5:06pm
    I tend to agree with you Bill but techo companies will continue to push their next big thing to sell, sell, sell. Social media is good and bad but it should never have been used as an advertising tool. We have a choice so I just don't buy it, gets me why people use those talking things to get the lights on etc. that just makes you lazy.
    Incognito
    9th Jul 2020
    5:08pm
    No one forces you to buy anything, just stop listening to the sales people trying to convince you that you need it, and take into account that we are using up far too much of the earth's resources as it is and some kids and poor people are digging up the metals needed to make the next big thing at very low or slave labour rates.
    Karl Marx
    9th Jul 2020
    5:26pm
    Your biggest friends with technology especially smartphones or computers etc is Google & You Tube. 99.9% of issues can be sorted this way & is also a great learning tool to use when you upgrade that smartphone that's now outdated & just doesn't work anymore.
    Enhance technology, don't be a Luddite
    Greg
    9th Jul 2020
    6:03pm
    Love technology, and love working out all the things it can do for you. You Tube is wonderful, being able to look up a video about anything and finding out how it's done or working out the best way to disassemble one of those pieces of tech or remove the overhead console in the car to clean the light without braking the clips.
    ozirules
    9th Jul 2020
    5:30pm
    I was a computer programmer/analyst in the late 60's early 70's when we used machine code then Cobol was brought in as a user friendly language so I've never been afraid of technology. The first computer I worked on needed it's own air controlled room and was as big as a small house. My current IPhone is more powerful and fits in my pocket. Why I am starting to shy away from new technology is that I cant be bothered any more. I dont need answers to questions I didn't know existed and I dont need instant communication with everything on earth. I refuse to be moved at more than my chosen pace and if young people think I'm a fossil so be it. I cherry pick the technology that works for me rather than cave in to peer pressure to have the latest gadget. Not all oldies 'panic' when confronted by new technology, some of us just say 'stuff it, who cares'.
    Incognito
    9th Jul 2020
    6:21pm
    I like your comments, as I said in my above comment, we don't have to be pushed into new technology just because tech companies want us to buy them, use what you want and don't upgrade unless you have a good enough reason too. If it ain't broke why fix it (or replace it because these days you cannot fix everything).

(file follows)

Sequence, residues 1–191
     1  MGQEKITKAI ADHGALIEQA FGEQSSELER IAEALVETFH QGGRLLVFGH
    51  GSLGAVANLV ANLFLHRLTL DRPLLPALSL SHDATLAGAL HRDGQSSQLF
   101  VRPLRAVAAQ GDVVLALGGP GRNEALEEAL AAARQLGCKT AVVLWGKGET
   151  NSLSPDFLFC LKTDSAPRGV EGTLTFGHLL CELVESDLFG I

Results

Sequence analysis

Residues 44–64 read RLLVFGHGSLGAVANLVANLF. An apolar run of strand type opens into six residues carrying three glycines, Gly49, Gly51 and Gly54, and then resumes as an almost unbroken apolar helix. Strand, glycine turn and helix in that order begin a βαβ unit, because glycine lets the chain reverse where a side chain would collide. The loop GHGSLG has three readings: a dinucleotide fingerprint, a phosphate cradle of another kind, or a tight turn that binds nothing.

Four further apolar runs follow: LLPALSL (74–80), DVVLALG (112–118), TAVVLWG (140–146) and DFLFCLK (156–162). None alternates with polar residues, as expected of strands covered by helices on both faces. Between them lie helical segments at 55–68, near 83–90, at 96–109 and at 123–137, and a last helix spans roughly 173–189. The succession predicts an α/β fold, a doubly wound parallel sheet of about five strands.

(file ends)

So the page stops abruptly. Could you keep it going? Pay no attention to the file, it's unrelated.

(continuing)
grandpa Dave
    9th Jul 2020
    6:52pm
    Agree with ozirules, having come through mainframe computer operations with a Bank in the 70s, I now use an Apple Mac for emails, bill paying, ancestry, eBay and word processing. I am perfectly happy with this arrangement. My last mobile phone was handed back in 1993 and I have never had a need or desire for another one. My friends know where I live and my home phone number is in the phone book. I don't need what I don't need!
    morrowj1122
    9th Jul 2020
    7:10pm
    Wish we had the www back in the 50/60s......would have made homework easier!
    Incognito
    9th Jul 2020
    8:19pm
    Just having a computer would have been easier instead of writing everything by hand. Kids these day are losing the ability to write by hand.
    ozirules
    9th Jul 2020
    10:23pm
    incognito, I tried to encourage my kids to improve their handwriting at the time when computers first appeared in schools. I bought them a computer though when I found out that they were marked down in their exams if they submitted their projects handwritten. It seemed that presentation was more important than the content.
    Rocky
    10th Jul 2020
    5:34am
    I agree with you BillW41 100% my fingers don't work as well as they did I need glasses just to answer the thing can't work on the car anymore far too complicated and people around you think you are from another planet when you don't understand some sort of tech and I think it is all about money now days and how much they can get from you with like this has all the bells and Whistles you need this in your life blah blah it's too late for me I know
    johnp
    13th Jul 2020
    5:48pm
    It is time for the public libraries to step up and do worthwhile courses on I.T. use for everyone including seniors. I mean just not the usual basic windows/microsoft features, I mean added value stuff like virus protection and related, backing up and other more in depth stuff.
    Incognito
    13th Jul 2020
    9:01pm
    You can find out how to do most of it on the internet.